As consumers, we tend to like to buy products and services that are the sum of their parts. The history of industrialisation has been one of businesses providing bundles of things together in ways that makes the end product or service much more valuable than if we bought the individual elements in isolation.
Take, for example, the common toaster. Today on the high street you can buy a bread toaster for less than a fiver. If you are so minded, you can spend many times that for a premium brand device that offers all sorts of bells and whistles to enhance your breakfast experience.
In essence all of the devices are the same: a metal or plastic box containing some heating elements and mechanics that will heat a piece of bread.
If you wanted to build one from scratch, it would take significant time, energy, effort and ingenuity. Something that Thomas Thwaites did a few years ago, an experiment that resulted in many things, but not very good toast. Ultimately what Thwaites showed was that the bundle of things and industrial processes that delivers an average toaster provides remarkable value to an end customer.
The value proposition for some things, however, which we have traditionally bought in bundles, might not necessarily provide that value today to the end customer that they once did. Take, for example, enterprise software.
In the days before Cloud computing, putting all of your eggs in one basket when purchasing something like Enterprise Resource and Planning (ERP) software made a great deal of sense. If you had to manage the underlying infrastructure to deliver the software, and had to manage the different elements that made up the tools needed to manage a business – from finance and HR to supply chain and logistics – having one software platform from one vendor could lead to significant savings in data centre, server, staff and integration costs.
Today, however, the bundle that is the average ERP suite might not offer the same value it once did. Without having to worry about the servers on which the software sits, and with much greater interoperability between Cloud services as a result of the rise of the Application Programming Interface (API) the value proposition for a single suite of software from a single supplier might not be what it once was. Being able to procure services from multiple vendors might offer the ability for an organisation to pick more appropriate modules to their and their users’ needs, and also might provide more ongoing competition within their vendors to keep service prices lower.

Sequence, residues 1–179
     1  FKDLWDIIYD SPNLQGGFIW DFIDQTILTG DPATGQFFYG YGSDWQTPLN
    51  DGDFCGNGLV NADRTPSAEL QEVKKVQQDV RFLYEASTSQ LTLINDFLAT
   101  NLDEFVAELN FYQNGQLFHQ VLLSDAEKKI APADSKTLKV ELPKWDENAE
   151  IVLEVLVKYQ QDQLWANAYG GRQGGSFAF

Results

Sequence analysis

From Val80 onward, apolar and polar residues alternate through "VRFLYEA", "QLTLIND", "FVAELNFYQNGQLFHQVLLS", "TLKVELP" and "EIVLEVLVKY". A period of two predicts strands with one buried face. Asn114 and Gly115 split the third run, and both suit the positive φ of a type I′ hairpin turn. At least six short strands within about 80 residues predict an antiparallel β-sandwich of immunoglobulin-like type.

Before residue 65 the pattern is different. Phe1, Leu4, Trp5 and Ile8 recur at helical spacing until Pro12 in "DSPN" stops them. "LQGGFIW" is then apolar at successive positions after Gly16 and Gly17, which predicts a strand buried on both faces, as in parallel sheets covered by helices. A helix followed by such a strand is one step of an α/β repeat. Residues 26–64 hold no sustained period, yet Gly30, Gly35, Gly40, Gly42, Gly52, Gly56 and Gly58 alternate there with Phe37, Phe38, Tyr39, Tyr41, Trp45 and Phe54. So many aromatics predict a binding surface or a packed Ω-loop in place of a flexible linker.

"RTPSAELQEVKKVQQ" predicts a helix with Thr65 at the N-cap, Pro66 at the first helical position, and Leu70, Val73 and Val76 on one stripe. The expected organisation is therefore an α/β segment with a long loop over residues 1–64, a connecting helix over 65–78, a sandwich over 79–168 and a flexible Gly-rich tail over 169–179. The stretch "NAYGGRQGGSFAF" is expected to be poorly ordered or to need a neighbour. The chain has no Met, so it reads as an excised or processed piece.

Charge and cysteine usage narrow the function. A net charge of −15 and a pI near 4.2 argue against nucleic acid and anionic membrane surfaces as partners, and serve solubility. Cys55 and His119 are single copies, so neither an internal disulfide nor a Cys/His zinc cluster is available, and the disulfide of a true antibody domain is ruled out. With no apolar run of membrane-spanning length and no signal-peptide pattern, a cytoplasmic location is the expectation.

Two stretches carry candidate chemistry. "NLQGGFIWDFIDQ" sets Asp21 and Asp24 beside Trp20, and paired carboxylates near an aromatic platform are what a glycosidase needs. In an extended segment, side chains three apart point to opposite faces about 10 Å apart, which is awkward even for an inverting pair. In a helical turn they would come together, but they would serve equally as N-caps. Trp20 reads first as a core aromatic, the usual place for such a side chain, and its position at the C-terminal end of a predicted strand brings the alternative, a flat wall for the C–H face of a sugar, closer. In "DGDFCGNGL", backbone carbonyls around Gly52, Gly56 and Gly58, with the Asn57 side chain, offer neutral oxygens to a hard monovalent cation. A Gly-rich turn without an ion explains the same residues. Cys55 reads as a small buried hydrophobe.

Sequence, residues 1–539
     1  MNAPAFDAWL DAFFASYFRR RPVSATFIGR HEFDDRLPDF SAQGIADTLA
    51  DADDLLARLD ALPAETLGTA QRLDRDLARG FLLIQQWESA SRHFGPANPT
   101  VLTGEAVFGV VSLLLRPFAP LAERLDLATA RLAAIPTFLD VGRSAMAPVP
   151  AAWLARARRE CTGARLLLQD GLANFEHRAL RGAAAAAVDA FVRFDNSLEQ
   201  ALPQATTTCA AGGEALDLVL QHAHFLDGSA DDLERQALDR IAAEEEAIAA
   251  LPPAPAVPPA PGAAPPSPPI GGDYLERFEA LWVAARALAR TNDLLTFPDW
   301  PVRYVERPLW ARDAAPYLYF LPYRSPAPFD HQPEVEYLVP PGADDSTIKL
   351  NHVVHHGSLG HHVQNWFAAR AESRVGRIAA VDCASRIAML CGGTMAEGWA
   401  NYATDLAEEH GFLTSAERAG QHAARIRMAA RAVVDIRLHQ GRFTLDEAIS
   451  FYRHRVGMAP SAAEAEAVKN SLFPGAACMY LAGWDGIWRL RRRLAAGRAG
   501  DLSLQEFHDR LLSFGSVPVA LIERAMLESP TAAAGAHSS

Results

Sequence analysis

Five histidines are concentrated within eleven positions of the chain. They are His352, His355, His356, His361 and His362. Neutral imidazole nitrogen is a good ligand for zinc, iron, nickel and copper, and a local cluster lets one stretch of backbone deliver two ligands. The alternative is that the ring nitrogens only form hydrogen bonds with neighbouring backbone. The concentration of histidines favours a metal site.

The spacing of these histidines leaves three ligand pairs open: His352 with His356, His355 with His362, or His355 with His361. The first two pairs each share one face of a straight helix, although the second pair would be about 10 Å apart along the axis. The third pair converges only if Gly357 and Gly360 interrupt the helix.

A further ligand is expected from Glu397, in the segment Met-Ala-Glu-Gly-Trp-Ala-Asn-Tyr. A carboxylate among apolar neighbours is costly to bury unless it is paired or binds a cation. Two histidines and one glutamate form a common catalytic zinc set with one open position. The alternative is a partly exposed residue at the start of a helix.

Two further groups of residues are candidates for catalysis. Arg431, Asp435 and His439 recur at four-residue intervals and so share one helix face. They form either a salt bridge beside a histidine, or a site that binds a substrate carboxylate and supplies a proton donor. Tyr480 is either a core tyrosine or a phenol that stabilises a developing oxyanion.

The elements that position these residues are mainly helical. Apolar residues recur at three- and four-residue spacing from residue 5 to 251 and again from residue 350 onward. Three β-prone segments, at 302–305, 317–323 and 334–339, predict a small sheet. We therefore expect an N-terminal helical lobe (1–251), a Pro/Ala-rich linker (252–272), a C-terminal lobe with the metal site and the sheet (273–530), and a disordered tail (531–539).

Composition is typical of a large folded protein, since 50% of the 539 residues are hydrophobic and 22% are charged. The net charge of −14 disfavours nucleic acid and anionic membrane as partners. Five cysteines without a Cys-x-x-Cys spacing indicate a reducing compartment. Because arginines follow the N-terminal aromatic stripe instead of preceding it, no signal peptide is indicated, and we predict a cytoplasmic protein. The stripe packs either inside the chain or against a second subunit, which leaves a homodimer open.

Cloud computing, and Software as a Service (Saas) in particular has also raised the bar in terms of the exit strategies that vendors must provide. In the days when data resided on servers in clients’ own data centres, people seemed to be less concerned about how you might extract yourself from a product in the future. When the data shifted into shared data centres owned and managed by the service provider, valid questions about the ownership of that data meant that vendors had to provide clear instruction for how to migrate away before any significant deals would be signed.
This isn’t to say that single platforms for providing enterprise software can’t provide better value for money. It does mean, though, that the assumptions that existed about the efficiency and effectiveness of buying everything from one place have been broken.
ERP Suites exist because that is what for many years most organisations have bought. When looking to move to more modern platforms, a new set of criteria for defining needs will need to be applied. After all, today enterprise software suites don’t necessarily offer the same sort of value that can be gained by buying a toaster.